Today, the National Parks Board (NParks) opened Singapore’s first Centre for Wildlife Forensics (CWF). The Centre will strengthen NParks’ detection and diagnostic capabilities by drawing upon expertise across NParks to identify and analyse specimens involved in the illegal wildlife trade. A new K9 Unit that will help to uncover illegal wildlife and wildlife products at our borders was also introduced. These new initiatives will strengthen Singapore’s contributions towards the global fight against illegal wildlife trade.
New Centre for Wildlife Forensics
The Centre for Wildlife Forensics will leverage science and technology to enhance NParks’ testing capabilities in order to accurately identify the species seized. These enhanced capabilities will also provide deeper insights on the seized items, such as their geographical origins.
Such information can help international organisations and source countries to undertake further investigation and enforcement action against poachers and smugglers. These capabilities will also enable NParks, through collaborations with international experts and organisations, to better analyse seizures globally. This will enable us to identify potential linkages and syndicates involved in the illegal trade in wildlife.
With these capabilities, the Centre will enhance Singapore’s efforts as a member of the Convention on International Trade in Endangered Species of Wild Fauna and Flora (CITES), augment our enforcement of the Endangered Species Act, and contribute to the global fight against illegal wildlife trade. CITES ensures that the international trade in wildlife is carried out in a way that does not threaten their survival.
The CWF builds on the work of NParks’ Centre for Animal and Veterinary Sciences and the Singapore Botanic Gardens’ Herbarium to identify and analyse wildlife and wildlife products and produce evidence to support law enforcement and prosecution.
New K9 Unit to detect wildlife and wildlife products
NParks introduced its new K9 Unit to further enhance Singapore’s capabilities to combat the illegal trade in wildlife. This unit will enhance detection capabilities for wildlife and wildlife products at Singapore’s border checkpoints and enable NParks to strengthen its enforcement against the illegal trade of wildlife and wildlife products through our borders.
This is the first time that Singapore is deploying detector dogs to sniff out wildlife and wildlife products. The NParks K9 unit has been specially trained to detect commonly trafficked wildlife and wildlife products, such as elephant ivory and pangolin scales.
Studies on ivory and pangolin scale seizures
Apart from investigation, enforcement and prosecution, there are two ongoing studies that the Centre for Wildlife Forensics is working with international partners on. Both studies are being done in collaboration with conservation biologist, Professor Samuel K Wasser, from the University of Washington.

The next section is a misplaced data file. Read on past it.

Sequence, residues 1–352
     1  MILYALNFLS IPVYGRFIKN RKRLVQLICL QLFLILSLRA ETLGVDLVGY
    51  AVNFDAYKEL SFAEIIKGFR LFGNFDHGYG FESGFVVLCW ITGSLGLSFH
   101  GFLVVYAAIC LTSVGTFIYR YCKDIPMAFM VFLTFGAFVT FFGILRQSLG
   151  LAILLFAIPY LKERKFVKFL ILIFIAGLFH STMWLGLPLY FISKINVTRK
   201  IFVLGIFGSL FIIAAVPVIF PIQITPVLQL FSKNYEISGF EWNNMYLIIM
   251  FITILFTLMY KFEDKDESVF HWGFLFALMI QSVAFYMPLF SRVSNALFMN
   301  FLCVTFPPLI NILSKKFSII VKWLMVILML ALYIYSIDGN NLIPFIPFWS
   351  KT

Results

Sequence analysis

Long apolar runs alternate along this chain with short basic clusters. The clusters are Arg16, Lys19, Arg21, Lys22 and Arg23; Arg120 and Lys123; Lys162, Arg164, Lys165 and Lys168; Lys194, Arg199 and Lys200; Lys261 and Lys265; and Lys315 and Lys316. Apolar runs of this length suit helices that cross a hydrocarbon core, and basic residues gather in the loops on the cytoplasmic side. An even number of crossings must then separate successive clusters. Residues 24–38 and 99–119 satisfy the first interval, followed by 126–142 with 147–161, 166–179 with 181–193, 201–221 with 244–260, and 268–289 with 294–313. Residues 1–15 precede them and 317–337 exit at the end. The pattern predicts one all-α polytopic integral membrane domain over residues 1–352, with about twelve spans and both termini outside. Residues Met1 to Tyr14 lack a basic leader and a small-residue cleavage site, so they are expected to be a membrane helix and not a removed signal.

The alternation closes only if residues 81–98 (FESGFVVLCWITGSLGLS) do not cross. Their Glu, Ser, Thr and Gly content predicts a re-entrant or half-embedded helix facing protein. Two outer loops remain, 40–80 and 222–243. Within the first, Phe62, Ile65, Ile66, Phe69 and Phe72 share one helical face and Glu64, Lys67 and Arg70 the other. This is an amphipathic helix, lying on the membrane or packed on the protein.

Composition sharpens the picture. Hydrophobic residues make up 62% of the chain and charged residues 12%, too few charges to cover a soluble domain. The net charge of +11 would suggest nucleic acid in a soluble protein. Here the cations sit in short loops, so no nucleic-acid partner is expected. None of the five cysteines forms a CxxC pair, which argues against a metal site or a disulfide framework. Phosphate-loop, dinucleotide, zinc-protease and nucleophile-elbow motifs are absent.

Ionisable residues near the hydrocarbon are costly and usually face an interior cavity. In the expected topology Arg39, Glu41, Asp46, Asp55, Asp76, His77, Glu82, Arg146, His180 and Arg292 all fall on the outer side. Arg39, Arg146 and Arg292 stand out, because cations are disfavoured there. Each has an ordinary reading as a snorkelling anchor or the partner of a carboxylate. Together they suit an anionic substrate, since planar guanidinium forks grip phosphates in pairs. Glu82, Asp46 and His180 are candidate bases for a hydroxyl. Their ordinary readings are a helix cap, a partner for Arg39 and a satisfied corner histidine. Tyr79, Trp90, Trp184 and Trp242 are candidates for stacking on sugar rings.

The first study analyses the genetic linkages between ivory seizures made globally from 1995 to 2019. The elephant tusks are genetically matched to identify samples from the same elephant or from its close relatives in the same herd. These matches could reveal links between parent and offspring, or between siblings, found in different shipments.
Such information will enable wildlife law enforcers to gain a deeper understanding of the criminal networks and their modus operandi in source countries. This can be done by combining evidence from separate investigations, including those carried out in different countries where seizures are made. This will enable law enforcement agencies to strengthen their prosecution efforts to counter wildlife trafficking.
The second study looks at developing and validating sampling protocols that will aid in the analyses of large volumes of pangolins or pangolin parts. It aims to establish a comprehensive panel of DNA markers for all eight pangolin species, to create a pangolin genetic reference map. This map can then be used to identify familial relationships between pangolins in and across different seizures and determine the origins of pangolins and pangolin parts. In turn, this will reveal insights on the dynamics and networks of organised pangolin poaching and trafficking.
When the results of these studies are ready, NParks and its collaborators will share them with international partners in the source and destination countries for these CITES-listed species. This will enable them to strengthen their enforcement efforts against the criminal syndicates and networks that are involved in the illegal trade in wildlife.
Upcoming Domestic Ban on Ivory Trade
In 2019, Singapore announced that a ban on the domestic trade in elephant ivory will come into effect on 1 September 2021. With this ban, the sale of elephant ivory and ivory products, and the public display of elephant ivory and ivory products for the purpose of sale will be prohibited in Singapore. This nationwide ban highlights Singapore’s resolve in the fight against the illegal trade in species listed under CITES.
When the ban comes into effect, those found to have offered elephant ivory or ivory products for sale, or for public display for the purpose of sale, may be charged under the Endangered Species (Import & Export) Act. This carries a penalty of a fine of up to $10,000 per specimen, not exceeding $100,000 in total and/or up to 12 months’ imprisonment upon conviction.
As Singapore moves towards becoming a City in Nature – a key pillar of the Singapore Green Plan 2030, which is a national movement to chart our course for sustainable development – these new developments will also help to strengthen Singapore’s conservation of our native biodiversity in our nature reserves and parks.